Clearly, not every flag is vintage. So, if you are new to collecting flags, what qualities and traits would you look for? How could you be sure that you are buying a vintage (or antique) flag? While there is no fail proof way of identifying old flags, here are some key things to look for:
- Specific makers such as Defiance, Valley Forge, Bull Dog or Storm King
- Do NOT buy a flag made out of nylon (old flags were not made out of nylon)
- Do look for flags made out of cotton, silk and/or wool. For example, Civil War flags were made out of wool.
- The star count in the upper left corner will help determine the age of a flag. The 48 star flag was produced between 1912-1959
- Look for white stars that are embroidered or stitched onto the flag (not printed)
- The red and white stripes should be stitched together (not printed)
- Look for flags that come in their original boxes
- Look for unique flag designs such as the “Bennington 76 Flag” (shown below)
The website invaluable.com has a great article that dives into the details of collecting antique and vintage flags. They also discuss various flag designs, the number of stars on flags and how to care for old flags. If you are inclined, check it out. It’s a great read with a lot of valuable information.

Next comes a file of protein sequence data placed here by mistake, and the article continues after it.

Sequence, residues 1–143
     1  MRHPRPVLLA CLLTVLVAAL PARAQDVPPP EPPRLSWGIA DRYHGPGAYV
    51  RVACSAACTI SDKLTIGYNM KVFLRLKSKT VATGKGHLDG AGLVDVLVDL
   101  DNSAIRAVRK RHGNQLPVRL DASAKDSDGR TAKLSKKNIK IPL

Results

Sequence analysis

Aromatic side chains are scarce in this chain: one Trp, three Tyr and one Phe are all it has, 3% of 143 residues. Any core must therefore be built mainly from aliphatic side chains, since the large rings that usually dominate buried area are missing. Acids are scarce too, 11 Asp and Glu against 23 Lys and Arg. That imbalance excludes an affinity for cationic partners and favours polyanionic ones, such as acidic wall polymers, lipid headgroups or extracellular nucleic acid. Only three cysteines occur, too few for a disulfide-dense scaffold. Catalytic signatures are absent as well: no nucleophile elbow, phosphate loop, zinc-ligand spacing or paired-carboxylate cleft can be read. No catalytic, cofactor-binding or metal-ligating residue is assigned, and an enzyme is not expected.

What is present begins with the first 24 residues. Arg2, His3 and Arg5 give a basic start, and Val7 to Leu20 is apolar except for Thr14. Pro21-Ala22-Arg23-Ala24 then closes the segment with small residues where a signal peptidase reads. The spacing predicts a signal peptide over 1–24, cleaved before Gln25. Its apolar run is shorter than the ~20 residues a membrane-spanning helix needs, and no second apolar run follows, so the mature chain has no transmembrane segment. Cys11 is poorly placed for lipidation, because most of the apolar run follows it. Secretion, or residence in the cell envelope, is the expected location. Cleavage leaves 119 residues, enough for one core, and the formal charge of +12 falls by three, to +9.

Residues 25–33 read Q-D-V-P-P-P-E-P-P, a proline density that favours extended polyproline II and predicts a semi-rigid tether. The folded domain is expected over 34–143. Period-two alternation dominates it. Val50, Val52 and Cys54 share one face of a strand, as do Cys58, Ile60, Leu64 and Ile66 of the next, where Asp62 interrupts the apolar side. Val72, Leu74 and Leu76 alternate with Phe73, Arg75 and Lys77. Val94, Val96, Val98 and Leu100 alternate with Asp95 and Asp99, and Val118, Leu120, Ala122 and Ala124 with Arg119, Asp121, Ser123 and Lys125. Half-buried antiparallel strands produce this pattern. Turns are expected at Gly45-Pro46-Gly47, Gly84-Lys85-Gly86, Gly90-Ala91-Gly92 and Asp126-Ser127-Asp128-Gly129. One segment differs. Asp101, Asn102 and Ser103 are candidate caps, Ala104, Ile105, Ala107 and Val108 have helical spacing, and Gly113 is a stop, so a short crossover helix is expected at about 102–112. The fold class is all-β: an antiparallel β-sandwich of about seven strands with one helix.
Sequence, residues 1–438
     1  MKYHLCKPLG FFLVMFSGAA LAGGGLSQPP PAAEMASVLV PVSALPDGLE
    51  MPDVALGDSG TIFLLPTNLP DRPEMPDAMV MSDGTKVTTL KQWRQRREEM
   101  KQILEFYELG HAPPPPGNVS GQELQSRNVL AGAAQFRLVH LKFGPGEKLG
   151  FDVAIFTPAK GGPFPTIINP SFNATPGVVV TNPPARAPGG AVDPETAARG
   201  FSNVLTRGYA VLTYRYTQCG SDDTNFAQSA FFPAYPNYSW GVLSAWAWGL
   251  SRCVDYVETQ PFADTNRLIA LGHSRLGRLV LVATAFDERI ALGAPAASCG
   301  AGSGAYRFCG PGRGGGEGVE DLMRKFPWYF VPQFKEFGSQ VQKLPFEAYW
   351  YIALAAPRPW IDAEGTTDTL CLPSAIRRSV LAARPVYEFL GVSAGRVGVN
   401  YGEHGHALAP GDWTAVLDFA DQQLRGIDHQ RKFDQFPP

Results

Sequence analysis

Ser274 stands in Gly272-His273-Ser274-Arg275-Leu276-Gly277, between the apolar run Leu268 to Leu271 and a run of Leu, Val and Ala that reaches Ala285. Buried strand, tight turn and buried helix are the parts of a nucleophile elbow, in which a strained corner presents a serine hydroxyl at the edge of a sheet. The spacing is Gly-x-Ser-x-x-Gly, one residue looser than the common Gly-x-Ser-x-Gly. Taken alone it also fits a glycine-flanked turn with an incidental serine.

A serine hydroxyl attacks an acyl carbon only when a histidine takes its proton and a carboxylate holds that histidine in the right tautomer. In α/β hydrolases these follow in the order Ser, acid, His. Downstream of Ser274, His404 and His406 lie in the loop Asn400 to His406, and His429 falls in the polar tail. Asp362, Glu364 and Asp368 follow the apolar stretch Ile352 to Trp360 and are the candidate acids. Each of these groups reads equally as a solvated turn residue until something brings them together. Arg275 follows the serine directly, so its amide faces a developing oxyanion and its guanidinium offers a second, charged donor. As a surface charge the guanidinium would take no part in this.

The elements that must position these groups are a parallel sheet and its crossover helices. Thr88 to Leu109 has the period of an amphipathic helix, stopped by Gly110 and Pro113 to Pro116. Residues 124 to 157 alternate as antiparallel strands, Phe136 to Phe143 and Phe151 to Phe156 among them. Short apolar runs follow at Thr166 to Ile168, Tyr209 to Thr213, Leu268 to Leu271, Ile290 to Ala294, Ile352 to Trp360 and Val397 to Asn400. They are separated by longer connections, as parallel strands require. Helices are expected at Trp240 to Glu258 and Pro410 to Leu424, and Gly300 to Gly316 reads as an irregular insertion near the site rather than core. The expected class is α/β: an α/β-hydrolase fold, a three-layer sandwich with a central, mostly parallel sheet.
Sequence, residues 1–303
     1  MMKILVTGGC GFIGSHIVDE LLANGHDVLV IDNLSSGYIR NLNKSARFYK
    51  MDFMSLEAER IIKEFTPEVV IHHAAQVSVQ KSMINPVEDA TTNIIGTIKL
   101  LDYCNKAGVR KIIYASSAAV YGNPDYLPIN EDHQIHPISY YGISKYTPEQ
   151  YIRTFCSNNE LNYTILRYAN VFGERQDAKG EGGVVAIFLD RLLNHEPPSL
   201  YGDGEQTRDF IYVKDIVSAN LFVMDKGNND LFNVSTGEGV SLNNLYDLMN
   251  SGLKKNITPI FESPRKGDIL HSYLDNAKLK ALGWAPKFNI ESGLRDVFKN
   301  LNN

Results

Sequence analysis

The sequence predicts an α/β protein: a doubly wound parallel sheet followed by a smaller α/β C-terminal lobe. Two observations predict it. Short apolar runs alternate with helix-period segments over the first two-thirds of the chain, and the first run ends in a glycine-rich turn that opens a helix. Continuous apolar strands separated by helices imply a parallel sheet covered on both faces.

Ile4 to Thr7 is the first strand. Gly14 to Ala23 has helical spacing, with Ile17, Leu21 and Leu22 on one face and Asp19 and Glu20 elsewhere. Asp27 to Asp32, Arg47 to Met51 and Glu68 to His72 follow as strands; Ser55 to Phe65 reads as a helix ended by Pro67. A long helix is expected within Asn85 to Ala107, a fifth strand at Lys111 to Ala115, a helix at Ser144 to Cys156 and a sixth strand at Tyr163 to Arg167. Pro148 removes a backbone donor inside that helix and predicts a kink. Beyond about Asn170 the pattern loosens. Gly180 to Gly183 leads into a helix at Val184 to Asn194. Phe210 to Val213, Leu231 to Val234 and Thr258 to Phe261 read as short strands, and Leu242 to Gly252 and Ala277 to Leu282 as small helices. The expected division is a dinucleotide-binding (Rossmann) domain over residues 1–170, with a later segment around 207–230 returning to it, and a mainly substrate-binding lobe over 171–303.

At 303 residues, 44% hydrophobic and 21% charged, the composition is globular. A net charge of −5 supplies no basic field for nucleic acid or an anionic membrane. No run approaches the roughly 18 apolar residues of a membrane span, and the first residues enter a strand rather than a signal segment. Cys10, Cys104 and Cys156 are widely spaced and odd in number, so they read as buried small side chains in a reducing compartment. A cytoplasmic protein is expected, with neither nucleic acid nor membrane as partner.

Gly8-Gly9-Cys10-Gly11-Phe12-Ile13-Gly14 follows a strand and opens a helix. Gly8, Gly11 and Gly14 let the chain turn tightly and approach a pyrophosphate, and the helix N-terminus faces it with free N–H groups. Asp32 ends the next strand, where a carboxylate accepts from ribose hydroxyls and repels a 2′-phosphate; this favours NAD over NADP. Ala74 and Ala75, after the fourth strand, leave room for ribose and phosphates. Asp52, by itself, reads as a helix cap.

The flag shown above is 3 feet by 5 feet and is made of 100% cotton. If you look carefully, you can see that the stripes are individual pieces of cotton which were sewn together.
Hand Held Flags
This is another category of flags that I absolutely adore. These small flags are usually attached to a wooden pole. My favorite parade flags are thread bare and soft. You can practically see through them because they are so thin. I also love when a flag has some stains from use and age. I also don’t mind the occasional small hole. Those marks only add to a flag’s character and history.
You can see the soft drape and almost translucent nature of these vintage flags. In contrast, the fabric on newer hand held flags will be stiff.
The photo above also shows hand held flags and if you look closely, you can see that some of them have 48 stars. Here is a TIP to quickly identify if a flag has 48 stars – all the stars will line up in a row and column. When a flag design has 50 stars, the stars are offset and staggered.